JACKSONVILLE, Fla. - Gun shots rang out as Staff Sgt. Michael
Klausing, a Security Forces (SF) member acting as an active shooter
walked the halls of the 125th Fighter Wing (125FW) at Jacksonville
Airport. This was the first of a series of active shooter scenarios
that the 125FW plans on conducting to evaluate and reinforce
training for real world events.
U.S. Air Force members of the 125th Fighter Wing conduct an active shooter exercise in the wing building in Jacksonville, Fla., on June 7, 2014. (U.S. Air Force Photo by Staff Sgt. Veuril McDavid)
"This was the small piece of the pie in the big picture
of things" said Capt. Derrick Burks, the Anti-terrorism
Officer for the wing. "It's going to get bigger".
8:30 a.m. Klausing exited a bathroom in the headquarters
building of the 125FW, firing a training M16 rifle with
blank rounds through the halls. Laura Yates, the director of
the Family and Readiness Center whose office was across from
the initial firing quickly locked her door and hid behind
her desk. From there she called the base 911, which reported
the incident to the SF squadron and other on-base emergency
"It really kind of hit
home for me, more than I expected it to," Yates said.
The event lasted four minutes, and ended when SF Tech.
Sgt. Andrew Pelton and SF Staff Sgt. Tony Camacho engaged
the shooter and neutralized the simulated threat.
make the experience more realistic, fake blood was placed on
designated individuals to simulate three dead (one being the
shooter) and seven injured in the event. Wing Inspection
Team (WIT) members monitored the event and analyzed how
individuals responded with the scenario. Their findings will
be used to modify future training and prepare for possible
While medical members rushed to the scene
to help with the wounded and deceased, command leadership
and the public affairs department dealt with media and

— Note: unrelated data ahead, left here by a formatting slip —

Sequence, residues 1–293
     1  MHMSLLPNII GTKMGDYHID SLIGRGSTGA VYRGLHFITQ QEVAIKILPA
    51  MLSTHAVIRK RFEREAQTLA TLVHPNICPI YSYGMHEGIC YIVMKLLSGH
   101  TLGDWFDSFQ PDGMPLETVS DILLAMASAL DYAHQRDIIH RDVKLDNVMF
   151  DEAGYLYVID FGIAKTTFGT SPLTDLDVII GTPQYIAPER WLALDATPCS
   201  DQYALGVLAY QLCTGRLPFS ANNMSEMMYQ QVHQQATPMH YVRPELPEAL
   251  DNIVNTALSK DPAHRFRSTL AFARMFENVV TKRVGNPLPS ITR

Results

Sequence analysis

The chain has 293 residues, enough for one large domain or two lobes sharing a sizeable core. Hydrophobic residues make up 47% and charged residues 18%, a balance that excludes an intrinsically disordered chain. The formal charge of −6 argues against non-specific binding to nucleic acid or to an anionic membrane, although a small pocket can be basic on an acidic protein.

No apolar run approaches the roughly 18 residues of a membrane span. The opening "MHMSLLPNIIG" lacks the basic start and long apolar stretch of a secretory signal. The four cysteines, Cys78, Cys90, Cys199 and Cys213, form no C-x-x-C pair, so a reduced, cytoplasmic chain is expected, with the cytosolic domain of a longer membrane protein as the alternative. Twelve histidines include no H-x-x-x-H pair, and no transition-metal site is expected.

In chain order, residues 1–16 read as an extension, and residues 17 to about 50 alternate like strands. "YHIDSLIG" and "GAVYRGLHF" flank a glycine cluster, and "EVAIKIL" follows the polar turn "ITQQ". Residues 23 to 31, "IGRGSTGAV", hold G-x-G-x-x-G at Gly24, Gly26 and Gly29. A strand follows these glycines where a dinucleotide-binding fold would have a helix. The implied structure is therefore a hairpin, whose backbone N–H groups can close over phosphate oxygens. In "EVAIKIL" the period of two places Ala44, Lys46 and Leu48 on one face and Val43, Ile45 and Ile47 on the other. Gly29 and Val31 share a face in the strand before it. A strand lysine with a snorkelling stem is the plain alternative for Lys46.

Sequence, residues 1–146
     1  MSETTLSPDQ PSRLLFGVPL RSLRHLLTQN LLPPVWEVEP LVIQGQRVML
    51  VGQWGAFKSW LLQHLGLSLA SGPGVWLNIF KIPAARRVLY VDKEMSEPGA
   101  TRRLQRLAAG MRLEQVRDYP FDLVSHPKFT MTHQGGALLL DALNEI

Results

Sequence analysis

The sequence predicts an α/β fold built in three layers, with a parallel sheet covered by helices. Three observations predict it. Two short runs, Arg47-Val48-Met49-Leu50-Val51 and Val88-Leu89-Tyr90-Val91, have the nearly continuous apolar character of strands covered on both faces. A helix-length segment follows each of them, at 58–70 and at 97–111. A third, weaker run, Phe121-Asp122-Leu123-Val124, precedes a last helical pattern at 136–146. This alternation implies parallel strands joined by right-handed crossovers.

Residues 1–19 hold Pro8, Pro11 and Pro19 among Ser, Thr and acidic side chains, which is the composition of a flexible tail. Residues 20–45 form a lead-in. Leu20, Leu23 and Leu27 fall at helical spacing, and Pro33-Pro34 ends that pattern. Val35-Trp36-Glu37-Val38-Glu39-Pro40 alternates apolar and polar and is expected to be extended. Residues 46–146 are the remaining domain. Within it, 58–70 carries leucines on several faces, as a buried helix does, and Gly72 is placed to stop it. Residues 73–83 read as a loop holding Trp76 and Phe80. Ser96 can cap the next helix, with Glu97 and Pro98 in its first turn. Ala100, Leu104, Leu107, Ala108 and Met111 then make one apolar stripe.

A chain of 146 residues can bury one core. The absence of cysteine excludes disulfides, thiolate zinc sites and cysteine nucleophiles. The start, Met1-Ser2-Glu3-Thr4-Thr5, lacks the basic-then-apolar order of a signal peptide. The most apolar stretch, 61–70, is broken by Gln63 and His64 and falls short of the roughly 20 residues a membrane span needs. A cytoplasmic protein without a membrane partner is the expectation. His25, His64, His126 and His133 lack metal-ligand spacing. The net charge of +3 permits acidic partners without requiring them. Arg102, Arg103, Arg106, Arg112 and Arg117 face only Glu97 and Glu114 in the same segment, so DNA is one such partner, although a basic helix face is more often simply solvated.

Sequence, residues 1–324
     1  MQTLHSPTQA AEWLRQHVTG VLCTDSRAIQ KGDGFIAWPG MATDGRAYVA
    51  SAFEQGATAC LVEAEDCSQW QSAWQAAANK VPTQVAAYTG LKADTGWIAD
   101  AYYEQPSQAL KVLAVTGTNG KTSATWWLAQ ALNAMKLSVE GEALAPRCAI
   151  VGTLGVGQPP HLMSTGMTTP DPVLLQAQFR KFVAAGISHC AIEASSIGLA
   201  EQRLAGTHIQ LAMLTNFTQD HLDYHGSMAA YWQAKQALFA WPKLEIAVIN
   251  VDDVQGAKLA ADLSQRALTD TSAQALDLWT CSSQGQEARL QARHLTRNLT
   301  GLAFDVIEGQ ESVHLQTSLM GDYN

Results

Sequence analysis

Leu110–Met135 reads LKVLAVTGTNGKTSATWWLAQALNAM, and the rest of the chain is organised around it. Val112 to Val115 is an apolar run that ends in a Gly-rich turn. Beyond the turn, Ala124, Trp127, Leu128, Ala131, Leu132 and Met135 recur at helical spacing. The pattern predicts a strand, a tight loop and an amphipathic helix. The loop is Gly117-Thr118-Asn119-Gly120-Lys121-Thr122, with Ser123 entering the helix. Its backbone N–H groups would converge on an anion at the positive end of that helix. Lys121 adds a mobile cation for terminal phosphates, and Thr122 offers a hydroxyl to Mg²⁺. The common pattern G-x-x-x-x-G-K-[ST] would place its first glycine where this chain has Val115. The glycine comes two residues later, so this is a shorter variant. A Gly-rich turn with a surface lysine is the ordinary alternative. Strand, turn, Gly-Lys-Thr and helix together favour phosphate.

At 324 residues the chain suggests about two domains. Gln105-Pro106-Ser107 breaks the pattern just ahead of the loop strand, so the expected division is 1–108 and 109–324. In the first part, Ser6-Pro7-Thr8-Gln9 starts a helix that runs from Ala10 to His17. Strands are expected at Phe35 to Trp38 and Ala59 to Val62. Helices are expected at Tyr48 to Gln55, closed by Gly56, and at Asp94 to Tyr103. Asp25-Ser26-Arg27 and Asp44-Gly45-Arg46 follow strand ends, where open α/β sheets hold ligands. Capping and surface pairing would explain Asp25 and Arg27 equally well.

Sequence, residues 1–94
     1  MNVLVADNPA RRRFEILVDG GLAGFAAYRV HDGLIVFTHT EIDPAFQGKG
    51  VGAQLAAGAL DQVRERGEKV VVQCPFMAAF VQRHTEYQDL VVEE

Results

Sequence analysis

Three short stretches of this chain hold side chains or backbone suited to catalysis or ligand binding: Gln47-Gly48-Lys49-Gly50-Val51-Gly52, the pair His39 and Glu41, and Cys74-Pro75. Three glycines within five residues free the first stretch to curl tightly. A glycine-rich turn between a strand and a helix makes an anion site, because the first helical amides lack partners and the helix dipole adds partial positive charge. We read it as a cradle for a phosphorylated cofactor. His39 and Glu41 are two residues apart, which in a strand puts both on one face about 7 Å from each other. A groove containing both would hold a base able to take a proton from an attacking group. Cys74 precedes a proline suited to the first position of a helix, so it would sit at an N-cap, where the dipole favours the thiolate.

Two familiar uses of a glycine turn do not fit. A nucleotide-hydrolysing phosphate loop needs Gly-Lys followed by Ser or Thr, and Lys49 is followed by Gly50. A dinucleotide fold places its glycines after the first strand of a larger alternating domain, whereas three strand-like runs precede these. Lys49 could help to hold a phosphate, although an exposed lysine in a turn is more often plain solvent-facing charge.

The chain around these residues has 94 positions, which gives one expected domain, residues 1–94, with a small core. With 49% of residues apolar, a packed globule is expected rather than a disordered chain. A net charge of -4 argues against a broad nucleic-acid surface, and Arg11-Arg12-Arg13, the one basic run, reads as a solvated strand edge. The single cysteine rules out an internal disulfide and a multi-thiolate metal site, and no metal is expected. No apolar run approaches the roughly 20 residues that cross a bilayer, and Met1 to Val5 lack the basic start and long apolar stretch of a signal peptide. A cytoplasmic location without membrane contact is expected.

simulated family member inquiries on the incident. They must
follow proper protocols as if this event had really
happened, including holding a press conference where
simulated media question the commander.
"I think the
Wing took this seriously... and that behavior is contagious"
said Burks, who put the event together.
civilian agencies, such as law enforcement and Emergency
Medical Services aided the 125FW and used the opportunity to
train their own personnel. Their participation in the event
further added to the realism and authenticity of the
The scenario went as planned and
demonstrated how quickly such incidents can occur. The 125
FW has been trying new approaches to mandatory training,
with the goal to reinforce information and conduct
assessments by making exercises and training events as
interactive and real as possible.
incidents occur, the natural "fight or flight" response
kicks in. Instilling the correct actions is important to
minimalize casualties. Through training like this, service
members are better equipped to react correctly during a real
"You make good decisions, you make
bad decisions but the worst decision is no decision... we
forced people to make decisions in a very timely manner,
simulating if their life was on the line. I think the
benefits to that type of exercise are absolutely priceless,"
By U.S. Air Force Staff Sgt. Troy Anderson
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